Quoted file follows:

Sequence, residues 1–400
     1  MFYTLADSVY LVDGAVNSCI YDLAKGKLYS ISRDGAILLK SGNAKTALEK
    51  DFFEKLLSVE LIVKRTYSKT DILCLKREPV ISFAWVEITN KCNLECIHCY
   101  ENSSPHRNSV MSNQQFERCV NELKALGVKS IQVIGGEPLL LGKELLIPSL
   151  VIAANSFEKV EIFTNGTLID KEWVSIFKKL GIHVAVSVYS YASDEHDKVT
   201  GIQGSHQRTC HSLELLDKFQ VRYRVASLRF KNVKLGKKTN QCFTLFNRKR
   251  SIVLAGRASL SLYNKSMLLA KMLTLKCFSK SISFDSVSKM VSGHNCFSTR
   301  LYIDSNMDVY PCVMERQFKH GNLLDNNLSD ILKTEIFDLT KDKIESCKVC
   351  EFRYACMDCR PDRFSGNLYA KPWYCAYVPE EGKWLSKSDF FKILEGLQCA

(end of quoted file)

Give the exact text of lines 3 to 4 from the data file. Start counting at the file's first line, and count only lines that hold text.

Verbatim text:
    51  DFFEKLLSVE LIVKRTYSKT DILCLKREPV ISFAWVEITN KCNLECIHCY
   101  ENSSPHRNSV MSNQQFERCV NELKALGVKS IQVIGGEPLL LGKELLIPSL